Cincinnati City Council Tees Up 2023 Budget Year, Prepares for Summer Recess

The budget breaks several records for the 2023 fiscal year.

Cincinnati's City Hall - Photo: Nick Swartsell
Photo: Nick Swartsell
Cincinnati's City Hall

The overturning of Roe v. Wade has claimed most of the headlines in the past few days, but Cincinnati's recently approved budget budget also features some notable news and a few broken records.

Cincinnati City Council unanimously passed the budget for fiscal year 2023 on June 23. The operating budget, worth more than $470 million, will include funds for police and fire recruit classes, a fully funded Citizens Complaint Authority and new programs aimed at strengthening nonprofits.

The budget is made possible by federal stimulus money from the American Rescue plan – a one-time source of $18.6 million.

Increases to the final budget include funds for the Urban League of Greater Southwestern Ohio, ArtWorks and pedestrian safety programs. The Urban League will be allotted $100,000, while ArtWorks will receive $150,000, fulfilling a request for a creative campus in Walnut Hills. The investment in pedestrian safety comes after a man was killed crossing Walnut Street in Over-the-Rhine in a marked crosswalk in May. The city will invest $100,000 or the Department of Transportation & Engineering to hire a full-time employee dedicated to pedestrian safety.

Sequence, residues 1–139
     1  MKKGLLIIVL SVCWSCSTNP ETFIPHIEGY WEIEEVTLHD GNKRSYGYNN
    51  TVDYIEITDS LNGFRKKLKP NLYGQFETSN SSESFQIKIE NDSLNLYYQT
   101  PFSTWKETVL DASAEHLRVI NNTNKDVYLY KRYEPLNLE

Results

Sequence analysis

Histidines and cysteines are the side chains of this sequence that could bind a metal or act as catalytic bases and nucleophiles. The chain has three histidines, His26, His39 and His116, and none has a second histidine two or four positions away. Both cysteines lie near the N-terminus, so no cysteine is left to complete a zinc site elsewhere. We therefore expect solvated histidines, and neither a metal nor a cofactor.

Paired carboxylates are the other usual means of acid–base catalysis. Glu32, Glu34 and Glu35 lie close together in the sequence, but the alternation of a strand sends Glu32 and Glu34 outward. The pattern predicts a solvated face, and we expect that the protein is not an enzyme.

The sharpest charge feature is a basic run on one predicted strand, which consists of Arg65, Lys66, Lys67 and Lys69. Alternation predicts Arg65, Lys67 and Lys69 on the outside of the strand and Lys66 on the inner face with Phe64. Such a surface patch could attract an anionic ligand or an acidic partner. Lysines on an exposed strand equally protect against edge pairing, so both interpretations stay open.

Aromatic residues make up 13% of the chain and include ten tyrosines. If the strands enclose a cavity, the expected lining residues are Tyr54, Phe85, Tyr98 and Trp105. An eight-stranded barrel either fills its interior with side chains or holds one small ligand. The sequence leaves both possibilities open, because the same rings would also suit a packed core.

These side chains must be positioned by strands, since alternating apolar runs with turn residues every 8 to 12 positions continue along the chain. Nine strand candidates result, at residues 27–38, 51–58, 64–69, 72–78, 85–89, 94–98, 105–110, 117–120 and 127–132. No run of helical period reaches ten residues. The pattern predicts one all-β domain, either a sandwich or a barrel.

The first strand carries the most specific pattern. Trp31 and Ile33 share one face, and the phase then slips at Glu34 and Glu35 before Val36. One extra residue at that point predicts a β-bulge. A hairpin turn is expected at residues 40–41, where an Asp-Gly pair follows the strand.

The FY23 budget includes a 2% increase for the Cincinnati Police Department. The funds will give police two recruit classes for a total of 88 new officers.

years of complaints from residents, CPD will receive $2 million for part of the cost of relocating the department’s 70-year-old shooting range away from Evendale.

Public safety was also emphasized in the form of the new
Alternative Response to Crisis Program, which provides unarmed mental health professionals for some non-violent 911 calls.

The Citizen Complaint Authority, the city's independent police oversight board, has a proposed budget of $1,297,140, slightly higher than the year before. The fund has more than doubled since 2017.

Aimed at
alleviating youth violence, the budget will also invest in young people getting jobs.

“On top of our support for public safety resources, we’re making a record investment in youth employment and new career initiatives, to disrupt the pathways to violence and provide our children with the opportunity to build professional skills,” says Mayor Aftab Pureval in a statement.

About 30% of the general budget is allocated to the Cincinnati Police Department.

The Cincinnati Fire Department will see a 7% increase and
will bring on a record 100 recruits as both the fire and police departments face high retirement numbers. CFD will also be allocated $3.4 million for a new fire training tower.

The budget breaks another record with its Human Services Fund. The fund, which is administered by the United Way, will receive a record $8 million for FY23. The program uses an application process to issue organizations grants that align with the council’s priorities.

Included in this budget is funding for new programs like the “Boots on the Ground Fund” pilot program, which provides funds to smaller nonprofits.

Capitalizing on
Intel’s new semiconductor facility coming to Columbus, the budget includes $7 million to prepare sites that could be used for high-tech manufacturing in the future here in Cincinnati.

The FY 2023 budget year starts July 1. Council will head into its summer recess after this week.

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